Knowledge Hub Webinar- Smallpox Eradication: Revisiting the Indian success story

Date: 25/03/2021

Duration: 14:00-15:00pm (GMT)

Location: Online

Strengthening health systems and capacity

In this webinar, Commonwealth Alumnus Dr Namrata Ganneri will spotlight the early history of independent India’s smallpox eradication programme, which formally commenced in 1962. Based on her extensive archival research, she will show how the intensified phase of global smallpox eradication launched by the World Health Organization (WHO) in 1967 drew on the innovations and experiences of the Indian programme.

The presentation will provide insights into the challenges faced and eventually overcome in formulating and implementing one of the world’s most extensive vaccination campaigns, and conclude with reflections on the lessons offered by this great public health success story to tackle current global health challenges.

The webinar will last for approximately 1 hour, including a Q&A session.

The CSC’s Knowledge Hub webinar series is open to Hub members. Through the series, Commonwealth Scholars and Alumni will discuss their work and contribution to development across a range of contemporary global challenges, and provide insight into ongoing research and action.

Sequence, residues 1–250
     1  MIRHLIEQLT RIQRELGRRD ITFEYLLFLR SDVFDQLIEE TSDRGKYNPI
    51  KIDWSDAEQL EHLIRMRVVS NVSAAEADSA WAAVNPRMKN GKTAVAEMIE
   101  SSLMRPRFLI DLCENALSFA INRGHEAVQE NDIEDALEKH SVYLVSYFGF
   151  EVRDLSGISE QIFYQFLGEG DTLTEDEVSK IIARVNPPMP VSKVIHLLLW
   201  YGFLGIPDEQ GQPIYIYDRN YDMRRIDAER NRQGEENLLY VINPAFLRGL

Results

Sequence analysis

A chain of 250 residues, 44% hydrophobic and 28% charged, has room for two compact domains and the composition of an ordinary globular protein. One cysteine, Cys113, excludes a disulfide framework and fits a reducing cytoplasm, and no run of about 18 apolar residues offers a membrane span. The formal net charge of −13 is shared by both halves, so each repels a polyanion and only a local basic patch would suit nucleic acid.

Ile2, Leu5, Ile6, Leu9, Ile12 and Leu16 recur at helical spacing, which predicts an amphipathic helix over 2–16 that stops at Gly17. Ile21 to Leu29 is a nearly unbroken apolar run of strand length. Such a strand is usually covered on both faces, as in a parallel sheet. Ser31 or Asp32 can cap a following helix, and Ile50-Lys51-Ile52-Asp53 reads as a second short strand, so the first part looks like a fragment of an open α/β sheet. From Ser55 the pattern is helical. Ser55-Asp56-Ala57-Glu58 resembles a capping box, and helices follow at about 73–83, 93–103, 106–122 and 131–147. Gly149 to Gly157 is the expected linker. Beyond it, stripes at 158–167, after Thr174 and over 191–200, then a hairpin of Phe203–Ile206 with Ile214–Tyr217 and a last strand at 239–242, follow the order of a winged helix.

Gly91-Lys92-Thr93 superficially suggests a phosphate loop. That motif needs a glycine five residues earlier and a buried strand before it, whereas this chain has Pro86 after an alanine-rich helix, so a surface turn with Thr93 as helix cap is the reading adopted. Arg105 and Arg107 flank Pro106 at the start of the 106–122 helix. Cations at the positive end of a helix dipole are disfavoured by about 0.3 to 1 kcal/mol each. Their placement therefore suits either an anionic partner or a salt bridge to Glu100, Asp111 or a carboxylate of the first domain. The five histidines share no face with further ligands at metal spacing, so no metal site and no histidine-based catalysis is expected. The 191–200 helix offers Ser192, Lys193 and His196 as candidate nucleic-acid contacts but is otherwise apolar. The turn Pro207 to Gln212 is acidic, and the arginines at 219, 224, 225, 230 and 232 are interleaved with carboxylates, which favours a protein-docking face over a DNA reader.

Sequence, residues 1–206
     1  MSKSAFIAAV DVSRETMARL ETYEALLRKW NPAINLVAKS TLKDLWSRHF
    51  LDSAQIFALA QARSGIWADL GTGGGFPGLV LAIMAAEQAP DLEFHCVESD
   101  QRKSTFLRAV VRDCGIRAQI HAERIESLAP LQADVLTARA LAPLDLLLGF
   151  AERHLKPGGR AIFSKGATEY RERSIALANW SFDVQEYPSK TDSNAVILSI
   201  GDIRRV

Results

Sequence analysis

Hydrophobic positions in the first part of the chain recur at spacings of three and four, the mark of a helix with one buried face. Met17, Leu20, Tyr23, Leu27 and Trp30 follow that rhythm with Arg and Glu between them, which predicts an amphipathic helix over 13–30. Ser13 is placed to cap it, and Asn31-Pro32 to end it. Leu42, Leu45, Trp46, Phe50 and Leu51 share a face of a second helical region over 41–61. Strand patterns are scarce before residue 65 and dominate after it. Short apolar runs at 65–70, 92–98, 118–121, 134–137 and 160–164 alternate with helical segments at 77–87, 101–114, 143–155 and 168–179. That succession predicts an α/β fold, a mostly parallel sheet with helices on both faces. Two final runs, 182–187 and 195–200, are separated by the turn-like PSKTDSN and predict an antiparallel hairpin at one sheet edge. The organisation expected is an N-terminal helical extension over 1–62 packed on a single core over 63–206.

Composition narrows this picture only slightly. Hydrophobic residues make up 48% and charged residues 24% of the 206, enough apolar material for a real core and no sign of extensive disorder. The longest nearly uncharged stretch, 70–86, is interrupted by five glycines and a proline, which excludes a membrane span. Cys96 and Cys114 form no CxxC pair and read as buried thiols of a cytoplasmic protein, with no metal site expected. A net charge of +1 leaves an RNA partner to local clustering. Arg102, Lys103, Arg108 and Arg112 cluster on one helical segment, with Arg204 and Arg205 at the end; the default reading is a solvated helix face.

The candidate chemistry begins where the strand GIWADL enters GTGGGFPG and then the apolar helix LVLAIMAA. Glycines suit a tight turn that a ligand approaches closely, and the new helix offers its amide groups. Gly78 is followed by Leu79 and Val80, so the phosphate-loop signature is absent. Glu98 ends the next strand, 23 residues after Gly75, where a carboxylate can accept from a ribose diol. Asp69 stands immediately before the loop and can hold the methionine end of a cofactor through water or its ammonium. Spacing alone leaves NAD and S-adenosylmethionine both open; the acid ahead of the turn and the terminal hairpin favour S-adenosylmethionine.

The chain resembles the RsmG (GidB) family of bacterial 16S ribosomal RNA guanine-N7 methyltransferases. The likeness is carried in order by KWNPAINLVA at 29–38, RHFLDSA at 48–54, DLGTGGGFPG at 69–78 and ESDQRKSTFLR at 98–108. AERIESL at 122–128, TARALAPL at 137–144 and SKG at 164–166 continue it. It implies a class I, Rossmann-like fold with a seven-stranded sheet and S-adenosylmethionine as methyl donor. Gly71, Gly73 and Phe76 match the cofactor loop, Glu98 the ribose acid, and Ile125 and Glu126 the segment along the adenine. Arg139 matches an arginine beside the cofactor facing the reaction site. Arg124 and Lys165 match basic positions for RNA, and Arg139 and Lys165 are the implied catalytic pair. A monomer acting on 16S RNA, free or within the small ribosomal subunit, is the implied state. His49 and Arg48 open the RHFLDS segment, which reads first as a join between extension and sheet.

You can watch previous webinars on the CSC’s YouTube channel.

Dr Namrata R Ganneri holds a tenured position in the department of history at S.N.D.T. College of Arts & S.C.B. College of Commerce and Science for Women in Mumbai, India. She is part of the international project, ‘Salt, Protest and Public Health in modern India’, coordinated by the University of York and Ambedkar University in Delhi. Her work on this project, supported by funding from the Rockefeller Foundation, offers a critical appraisal of the contributions of India’s first health minister, Rajkumari Amrit Kaur. Following her post-doctorate, she is completing a monograph on post-independent India’s smallpox eradication programme 

Dr Ganneri is a 2017 Commonwealth Rutherford Fellow from India. She completed her post-doctorate in the History of Medicine and Health Policy at the University of York.